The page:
BILOXI, MS (WLOX) - Negative public perceptions following Hurricane Isaac are hurting the charter boat fishing industry. Customers have been canceling trips in the wake of the storm. And it couldn't have come at a worse time.
One longtime charter boat captain told WLOX News,"There's a lot of fish, but no fishermen."
Unfortunately, it's a scenario they've become accustomed to in recent years, as a series of disasters threatened their industry.
"Overall, our business is struggling. It is," said longtime Captain Jay Trochesset.
He understands fishermen are known for stretching the truth. But the hard reality is that perceptions about Hurricane Isaac have the charter fishing industry reeling.
"Very negative. Perception is terrible. People think that nothing's going on, it hurt fishing. And in fact, it just slowed the fishing down for about a week. But fishing is great out there," said Trochesset.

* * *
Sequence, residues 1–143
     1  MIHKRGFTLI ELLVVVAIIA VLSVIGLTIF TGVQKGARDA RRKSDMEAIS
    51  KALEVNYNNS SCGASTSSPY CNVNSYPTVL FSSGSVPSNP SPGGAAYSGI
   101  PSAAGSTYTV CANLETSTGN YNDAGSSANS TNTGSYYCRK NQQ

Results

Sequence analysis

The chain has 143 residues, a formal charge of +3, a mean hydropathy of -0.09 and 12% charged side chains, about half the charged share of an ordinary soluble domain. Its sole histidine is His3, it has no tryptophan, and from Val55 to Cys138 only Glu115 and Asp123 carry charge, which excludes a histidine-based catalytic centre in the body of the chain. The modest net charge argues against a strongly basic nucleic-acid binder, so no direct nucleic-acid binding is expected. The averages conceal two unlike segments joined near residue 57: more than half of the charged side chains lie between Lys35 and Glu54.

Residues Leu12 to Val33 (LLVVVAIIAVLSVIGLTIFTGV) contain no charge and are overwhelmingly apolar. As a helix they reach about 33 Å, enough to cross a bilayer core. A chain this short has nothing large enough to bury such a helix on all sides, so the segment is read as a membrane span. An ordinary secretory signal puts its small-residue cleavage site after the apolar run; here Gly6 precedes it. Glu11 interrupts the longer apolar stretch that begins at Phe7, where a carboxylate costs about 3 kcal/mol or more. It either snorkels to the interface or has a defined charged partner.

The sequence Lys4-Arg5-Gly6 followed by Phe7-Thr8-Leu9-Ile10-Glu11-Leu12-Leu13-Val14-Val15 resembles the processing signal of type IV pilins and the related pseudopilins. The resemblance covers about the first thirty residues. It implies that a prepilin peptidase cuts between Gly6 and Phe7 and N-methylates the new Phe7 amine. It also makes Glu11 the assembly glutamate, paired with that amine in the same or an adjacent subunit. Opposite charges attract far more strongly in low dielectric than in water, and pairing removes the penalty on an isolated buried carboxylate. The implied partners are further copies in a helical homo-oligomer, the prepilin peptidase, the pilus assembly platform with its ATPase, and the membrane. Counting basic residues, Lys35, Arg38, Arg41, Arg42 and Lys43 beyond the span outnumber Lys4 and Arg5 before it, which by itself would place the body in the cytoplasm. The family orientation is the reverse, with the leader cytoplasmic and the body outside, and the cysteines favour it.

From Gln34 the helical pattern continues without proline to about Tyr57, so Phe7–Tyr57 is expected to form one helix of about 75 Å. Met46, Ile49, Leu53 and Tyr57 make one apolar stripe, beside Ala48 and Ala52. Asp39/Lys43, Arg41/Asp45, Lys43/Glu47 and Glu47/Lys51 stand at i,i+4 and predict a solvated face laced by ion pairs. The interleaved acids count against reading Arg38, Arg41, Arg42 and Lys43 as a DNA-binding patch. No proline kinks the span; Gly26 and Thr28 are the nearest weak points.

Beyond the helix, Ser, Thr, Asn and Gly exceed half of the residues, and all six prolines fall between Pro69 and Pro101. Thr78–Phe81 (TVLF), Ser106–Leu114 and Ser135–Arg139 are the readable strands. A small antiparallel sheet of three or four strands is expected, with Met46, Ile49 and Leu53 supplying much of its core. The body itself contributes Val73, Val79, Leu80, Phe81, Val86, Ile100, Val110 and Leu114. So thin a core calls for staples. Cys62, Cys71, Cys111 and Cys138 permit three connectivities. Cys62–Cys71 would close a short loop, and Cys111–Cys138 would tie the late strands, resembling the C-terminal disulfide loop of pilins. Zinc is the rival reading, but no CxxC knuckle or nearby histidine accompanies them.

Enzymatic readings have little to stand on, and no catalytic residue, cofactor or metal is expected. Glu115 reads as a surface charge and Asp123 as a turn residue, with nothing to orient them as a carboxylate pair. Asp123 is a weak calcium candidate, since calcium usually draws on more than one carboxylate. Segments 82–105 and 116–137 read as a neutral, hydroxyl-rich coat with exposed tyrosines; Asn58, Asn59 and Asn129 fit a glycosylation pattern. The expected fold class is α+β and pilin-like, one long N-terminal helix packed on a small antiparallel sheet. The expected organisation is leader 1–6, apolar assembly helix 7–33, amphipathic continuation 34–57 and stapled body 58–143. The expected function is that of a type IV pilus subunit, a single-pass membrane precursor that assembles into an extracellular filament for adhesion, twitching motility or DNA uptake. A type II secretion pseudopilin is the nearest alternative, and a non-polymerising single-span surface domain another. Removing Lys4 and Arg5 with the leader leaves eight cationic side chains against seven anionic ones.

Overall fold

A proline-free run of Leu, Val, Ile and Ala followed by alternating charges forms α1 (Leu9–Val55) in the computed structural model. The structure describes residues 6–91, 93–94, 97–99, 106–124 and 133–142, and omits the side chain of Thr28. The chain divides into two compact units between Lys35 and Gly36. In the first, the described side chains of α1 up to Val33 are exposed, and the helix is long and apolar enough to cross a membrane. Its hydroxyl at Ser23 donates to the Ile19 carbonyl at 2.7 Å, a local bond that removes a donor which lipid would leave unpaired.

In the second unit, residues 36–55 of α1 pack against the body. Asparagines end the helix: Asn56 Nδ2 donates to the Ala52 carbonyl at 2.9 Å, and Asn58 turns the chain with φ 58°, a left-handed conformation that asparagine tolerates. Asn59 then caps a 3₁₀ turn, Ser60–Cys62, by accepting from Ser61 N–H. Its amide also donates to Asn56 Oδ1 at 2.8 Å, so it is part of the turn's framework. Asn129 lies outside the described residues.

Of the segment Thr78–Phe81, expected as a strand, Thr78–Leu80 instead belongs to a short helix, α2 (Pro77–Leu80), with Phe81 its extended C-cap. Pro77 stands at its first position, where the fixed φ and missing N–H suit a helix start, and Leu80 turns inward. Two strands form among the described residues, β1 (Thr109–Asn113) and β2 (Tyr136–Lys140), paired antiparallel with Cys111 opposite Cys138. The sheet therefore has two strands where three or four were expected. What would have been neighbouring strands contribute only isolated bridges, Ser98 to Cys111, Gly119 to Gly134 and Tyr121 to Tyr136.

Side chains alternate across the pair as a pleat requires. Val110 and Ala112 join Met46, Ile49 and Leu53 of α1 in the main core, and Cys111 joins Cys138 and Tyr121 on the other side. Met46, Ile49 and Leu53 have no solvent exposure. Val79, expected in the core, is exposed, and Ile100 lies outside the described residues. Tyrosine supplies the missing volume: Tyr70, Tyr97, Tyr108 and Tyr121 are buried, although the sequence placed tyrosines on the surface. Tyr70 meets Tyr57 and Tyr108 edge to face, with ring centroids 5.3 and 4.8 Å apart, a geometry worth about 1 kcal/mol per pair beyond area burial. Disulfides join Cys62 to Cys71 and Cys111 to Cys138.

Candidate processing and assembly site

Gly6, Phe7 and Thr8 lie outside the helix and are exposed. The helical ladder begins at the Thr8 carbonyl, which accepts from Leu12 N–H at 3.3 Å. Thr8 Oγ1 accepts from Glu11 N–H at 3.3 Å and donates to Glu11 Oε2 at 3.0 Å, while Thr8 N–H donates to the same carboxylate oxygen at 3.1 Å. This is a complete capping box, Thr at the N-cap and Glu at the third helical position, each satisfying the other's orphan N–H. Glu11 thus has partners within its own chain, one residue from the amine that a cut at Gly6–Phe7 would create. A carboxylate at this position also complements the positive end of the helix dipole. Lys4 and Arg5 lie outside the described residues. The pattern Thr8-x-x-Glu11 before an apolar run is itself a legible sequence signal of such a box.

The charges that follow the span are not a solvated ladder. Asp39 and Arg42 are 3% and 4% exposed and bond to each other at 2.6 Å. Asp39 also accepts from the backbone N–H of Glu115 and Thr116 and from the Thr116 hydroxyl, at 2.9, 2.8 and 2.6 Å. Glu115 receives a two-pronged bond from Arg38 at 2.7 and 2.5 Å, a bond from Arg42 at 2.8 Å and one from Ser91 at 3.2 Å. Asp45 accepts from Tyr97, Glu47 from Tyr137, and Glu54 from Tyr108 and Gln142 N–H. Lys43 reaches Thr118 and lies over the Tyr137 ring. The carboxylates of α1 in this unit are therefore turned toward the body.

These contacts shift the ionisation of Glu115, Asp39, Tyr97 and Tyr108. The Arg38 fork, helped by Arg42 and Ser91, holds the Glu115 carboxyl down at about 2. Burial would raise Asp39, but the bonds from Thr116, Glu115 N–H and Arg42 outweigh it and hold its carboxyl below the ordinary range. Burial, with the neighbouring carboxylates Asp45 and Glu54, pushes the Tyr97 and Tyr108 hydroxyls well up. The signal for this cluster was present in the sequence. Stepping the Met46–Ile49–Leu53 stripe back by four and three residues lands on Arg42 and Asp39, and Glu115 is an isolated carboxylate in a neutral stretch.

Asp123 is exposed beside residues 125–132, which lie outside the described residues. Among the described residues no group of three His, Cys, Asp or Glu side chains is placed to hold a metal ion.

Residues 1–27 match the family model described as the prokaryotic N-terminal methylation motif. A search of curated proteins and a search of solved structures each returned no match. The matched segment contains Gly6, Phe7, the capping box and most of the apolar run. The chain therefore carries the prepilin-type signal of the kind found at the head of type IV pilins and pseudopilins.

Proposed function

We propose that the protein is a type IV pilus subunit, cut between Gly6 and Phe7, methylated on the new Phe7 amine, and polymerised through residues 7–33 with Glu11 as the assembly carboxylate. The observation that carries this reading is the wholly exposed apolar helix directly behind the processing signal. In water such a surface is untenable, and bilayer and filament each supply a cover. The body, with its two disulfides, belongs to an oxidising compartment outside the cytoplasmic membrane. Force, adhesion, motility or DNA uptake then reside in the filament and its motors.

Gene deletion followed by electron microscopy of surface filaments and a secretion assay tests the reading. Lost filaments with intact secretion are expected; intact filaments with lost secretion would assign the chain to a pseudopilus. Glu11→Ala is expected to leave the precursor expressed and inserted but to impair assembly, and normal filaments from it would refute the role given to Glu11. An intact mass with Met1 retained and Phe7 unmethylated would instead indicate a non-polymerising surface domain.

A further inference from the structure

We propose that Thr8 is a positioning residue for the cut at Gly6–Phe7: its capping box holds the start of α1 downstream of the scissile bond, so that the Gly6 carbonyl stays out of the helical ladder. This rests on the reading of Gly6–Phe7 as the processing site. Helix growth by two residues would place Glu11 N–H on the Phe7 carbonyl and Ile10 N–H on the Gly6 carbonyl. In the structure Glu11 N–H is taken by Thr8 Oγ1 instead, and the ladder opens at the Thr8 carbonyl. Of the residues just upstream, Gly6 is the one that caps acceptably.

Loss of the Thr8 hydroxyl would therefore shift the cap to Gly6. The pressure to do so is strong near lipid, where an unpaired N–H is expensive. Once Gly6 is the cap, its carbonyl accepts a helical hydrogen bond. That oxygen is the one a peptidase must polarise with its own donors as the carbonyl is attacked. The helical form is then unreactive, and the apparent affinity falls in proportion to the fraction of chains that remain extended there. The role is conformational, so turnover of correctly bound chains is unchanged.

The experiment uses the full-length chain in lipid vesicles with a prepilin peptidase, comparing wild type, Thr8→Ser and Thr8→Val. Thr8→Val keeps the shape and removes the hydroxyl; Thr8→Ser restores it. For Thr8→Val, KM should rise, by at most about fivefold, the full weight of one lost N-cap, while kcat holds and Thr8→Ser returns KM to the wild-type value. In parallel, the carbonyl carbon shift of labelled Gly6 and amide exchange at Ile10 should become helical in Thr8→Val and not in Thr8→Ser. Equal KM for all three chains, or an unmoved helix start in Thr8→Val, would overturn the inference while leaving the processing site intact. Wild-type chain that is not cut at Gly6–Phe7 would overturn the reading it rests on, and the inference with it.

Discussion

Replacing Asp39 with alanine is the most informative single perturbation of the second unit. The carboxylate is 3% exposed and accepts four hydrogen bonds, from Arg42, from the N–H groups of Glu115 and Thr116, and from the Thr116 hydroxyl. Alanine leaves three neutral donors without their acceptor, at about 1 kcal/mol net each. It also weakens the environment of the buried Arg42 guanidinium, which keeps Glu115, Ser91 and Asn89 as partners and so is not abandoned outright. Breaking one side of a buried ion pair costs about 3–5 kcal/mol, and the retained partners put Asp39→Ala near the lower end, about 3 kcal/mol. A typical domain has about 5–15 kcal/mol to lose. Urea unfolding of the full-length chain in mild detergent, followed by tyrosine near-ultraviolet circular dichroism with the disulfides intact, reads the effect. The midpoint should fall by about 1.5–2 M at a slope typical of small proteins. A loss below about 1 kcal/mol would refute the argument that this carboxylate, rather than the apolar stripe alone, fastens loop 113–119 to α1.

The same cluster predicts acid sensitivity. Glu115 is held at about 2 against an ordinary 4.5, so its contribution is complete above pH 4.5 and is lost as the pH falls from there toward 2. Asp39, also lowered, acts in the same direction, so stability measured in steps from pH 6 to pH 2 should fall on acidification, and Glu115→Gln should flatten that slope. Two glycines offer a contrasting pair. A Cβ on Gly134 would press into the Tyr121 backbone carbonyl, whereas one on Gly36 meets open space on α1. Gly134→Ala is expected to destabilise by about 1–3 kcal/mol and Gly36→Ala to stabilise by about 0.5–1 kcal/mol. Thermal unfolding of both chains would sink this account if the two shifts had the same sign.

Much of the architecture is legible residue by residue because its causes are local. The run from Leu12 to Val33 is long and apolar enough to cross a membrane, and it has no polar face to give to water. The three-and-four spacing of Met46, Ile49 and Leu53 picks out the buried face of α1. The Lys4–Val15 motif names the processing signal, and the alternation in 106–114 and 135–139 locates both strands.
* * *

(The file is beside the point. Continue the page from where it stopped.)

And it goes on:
Customers have canceled trips in Isaac's wake. Captain Trochesset estimates his business is off by about 40 percent. And he's certainly not alone.
"See, you look right now in the marina here and there's very few boats out," said Captain Tom Becker.
The president of the Charter Boat Association said first fuel prices spiked, then the storm rolled through.
"We had to cancel some trips for it. The people have got a perception. They're hearing about the floods. Well, we didn't get flooded right here on the coast," said Captain Becker.
The storm couldn't have come at a worse time. Many of the charter boat fishermen were experiencing a decent summer season and beginning to recover from the impact of the oil spill. And now this.
"You know, it's just now starting to pick up. Now the phone is starting to ring," said Johnathan Cecil.
He said the charter boats he works for were also affected by that "hurricane perception problem."
"A lot of people. That's what Mikey Moore, the owner, said. A lot of people believed that we got hit really hard," said Cecil.
"Charter boat industry has been hit so hard with the oil spill, and prior to that the economic problems, and now this hurricane. We're pretty, we're behind a rock and a hard place," said Captain Trochesset.
He said August, September and October offers some of the best offshore fishing in South Mississippi. With the fish ready to bite, he and other captains are hoping customers will be booking some trips soon.